What is identity theft exactly? It’s when someone takes another person’s name or their personal information, such as their driver license or Social Security number, and uses that information with the person’s permission to commit fraud, like open new bank accounts, steal tax refunds, order checks, obtain government benefits, or medical services. Sometimes, identity thieves even present another person’s name when they’re arrested.
But don’t just take our word for it. The Attorney General of Texas, Ken Paxton, explains identity theft as a crime that can happen to anyone and that it involves stealing someone’s personal information through both simple and sophisticated methods, such as stealing documents or using spyware.
If someone learns that they are a victim of identity theft, the Attorney General advises them to call the police, report the crime, and obtain a police report. They are also urged to go to the Federal Trade Commission’s webpage and report the identity theft.
Can I Face Federal Charges?
Can identity theft be charged as a federal crime? Yes, it can. Congress passed the Identity Theft and Assumption Deterrence Act of 1998, which officially listed identity theft as a federal crime. By amending 18 U.S.C. § 1028, the Act made it a federal crime to...” knowingly transfer or use, without lawful authority, a means of identification of another person with the intent to commit, or to aid or abet, any unlawful activity that constitutes a violation of Federal law, or that constitutes a felony under any applicable State or local law.”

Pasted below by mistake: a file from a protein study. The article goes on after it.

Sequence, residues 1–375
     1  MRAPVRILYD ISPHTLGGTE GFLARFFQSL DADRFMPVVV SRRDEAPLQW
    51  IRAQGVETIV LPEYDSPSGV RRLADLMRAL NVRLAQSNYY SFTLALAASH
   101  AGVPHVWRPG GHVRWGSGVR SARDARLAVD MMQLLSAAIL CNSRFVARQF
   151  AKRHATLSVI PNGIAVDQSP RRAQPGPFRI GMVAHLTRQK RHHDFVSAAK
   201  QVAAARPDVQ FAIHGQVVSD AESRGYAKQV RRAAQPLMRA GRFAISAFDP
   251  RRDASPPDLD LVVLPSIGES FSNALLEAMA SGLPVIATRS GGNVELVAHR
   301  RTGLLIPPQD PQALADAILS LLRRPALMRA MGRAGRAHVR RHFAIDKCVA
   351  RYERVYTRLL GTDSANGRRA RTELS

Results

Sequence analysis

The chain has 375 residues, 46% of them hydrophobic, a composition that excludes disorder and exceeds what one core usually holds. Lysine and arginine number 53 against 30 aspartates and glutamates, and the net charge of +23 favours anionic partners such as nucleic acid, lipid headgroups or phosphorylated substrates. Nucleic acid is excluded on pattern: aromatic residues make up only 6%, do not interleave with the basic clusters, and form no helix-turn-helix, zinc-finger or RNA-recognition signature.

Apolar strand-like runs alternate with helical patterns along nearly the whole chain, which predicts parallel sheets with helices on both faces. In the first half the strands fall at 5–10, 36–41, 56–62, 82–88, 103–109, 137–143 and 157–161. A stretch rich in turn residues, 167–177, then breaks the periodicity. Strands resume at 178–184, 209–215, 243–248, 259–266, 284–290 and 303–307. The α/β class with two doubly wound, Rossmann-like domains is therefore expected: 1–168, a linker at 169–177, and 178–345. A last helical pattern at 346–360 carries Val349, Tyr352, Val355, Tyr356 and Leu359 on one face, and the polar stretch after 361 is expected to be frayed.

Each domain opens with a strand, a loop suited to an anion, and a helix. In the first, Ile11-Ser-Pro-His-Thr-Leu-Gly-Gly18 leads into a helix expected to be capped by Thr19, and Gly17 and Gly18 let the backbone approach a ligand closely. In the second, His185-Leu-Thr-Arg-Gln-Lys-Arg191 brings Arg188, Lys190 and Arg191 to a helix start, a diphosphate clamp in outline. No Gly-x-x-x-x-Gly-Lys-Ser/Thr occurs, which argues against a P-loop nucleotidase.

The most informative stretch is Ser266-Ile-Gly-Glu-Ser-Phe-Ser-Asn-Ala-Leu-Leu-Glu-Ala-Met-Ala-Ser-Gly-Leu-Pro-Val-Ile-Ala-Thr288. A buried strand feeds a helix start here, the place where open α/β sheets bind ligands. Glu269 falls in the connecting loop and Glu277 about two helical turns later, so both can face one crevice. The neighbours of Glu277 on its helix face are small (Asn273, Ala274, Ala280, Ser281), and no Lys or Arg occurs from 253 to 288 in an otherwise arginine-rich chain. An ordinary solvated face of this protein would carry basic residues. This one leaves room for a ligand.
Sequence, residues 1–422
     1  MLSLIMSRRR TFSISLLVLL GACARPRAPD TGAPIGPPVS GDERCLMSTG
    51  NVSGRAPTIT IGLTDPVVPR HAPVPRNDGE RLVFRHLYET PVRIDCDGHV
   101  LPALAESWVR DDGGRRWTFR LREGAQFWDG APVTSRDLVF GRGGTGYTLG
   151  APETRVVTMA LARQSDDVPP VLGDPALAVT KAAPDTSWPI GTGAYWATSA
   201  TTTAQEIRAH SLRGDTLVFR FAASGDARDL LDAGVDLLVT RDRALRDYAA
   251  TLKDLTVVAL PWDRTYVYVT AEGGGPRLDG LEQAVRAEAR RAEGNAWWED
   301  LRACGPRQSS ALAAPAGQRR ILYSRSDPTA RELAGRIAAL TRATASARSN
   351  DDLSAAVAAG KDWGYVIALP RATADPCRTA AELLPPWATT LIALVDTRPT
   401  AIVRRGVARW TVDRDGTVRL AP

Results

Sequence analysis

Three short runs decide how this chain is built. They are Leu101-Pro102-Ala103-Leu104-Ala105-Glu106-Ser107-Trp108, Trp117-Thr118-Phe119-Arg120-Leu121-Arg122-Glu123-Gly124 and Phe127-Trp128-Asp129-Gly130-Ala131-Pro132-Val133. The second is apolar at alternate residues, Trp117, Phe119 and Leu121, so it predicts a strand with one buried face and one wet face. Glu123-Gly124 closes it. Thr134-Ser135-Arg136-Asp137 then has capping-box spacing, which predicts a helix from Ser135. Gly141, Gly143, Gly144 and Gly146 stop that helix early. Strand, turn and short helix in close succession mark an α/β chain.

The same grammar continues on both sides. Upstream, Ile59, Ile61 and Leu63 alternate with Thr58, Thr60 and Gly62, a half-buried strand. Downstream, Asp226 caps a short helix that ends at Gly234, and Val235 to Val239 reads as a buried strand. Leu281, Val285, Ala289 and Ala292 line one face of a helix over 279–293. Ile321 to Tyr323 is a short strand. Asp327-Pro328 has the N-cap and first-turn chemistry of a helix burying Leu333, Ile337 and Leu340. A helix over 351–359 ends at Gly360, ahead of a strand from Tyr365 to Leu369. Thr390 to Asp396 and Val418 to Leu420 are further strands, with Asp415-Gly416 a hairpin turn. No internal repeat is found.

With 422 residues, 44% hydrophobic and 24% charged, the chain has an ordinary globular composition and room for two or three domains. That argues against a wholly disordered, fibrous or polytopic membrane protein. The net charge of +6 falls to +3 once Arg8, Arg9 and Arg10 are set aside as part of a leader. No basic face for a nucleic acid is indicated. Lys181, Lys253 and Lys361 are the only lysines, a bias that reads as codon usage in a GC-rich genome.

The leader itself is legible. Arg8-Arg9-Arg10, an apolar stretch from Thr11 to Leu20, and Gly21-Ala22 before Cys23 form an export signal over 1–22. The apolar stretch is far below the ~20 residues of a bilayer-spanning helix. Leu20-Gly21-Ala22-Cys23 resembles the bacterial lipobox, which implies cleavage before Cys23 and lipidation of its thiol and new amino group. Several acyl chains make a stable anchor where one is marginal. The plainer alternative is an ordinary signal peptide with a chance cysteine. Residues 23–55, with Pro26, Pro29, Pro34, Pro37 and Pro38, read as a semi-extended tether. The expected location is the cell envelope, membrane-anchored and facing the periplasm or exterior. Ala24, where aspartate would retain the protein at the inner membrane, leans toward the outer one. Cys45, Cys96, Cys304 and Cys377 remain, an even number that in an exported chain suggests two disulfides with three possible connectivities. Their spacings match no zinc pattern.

Identity Theft Under Texas Law
Over the years, many state laws have been passed outlawing identity theft, so depending on the facts of the case, identity theft can be prosecuted in state or federal court. On the state level, it is prosecuted under Title 7, Chapter 32, Fraud, in the Texas Penal Code.
Texas fraud crimes under Chapter 32 include forgery, criminal simulation, trademark counterfeiting, stealing or receiving a stolen check, credit card, and debit card abuse, false statement to obtain property or credit, etc.
If you’re facing identity theft charges on the state or federal level, contact Attorney Peter Barrett immediately to request a free case evaluation.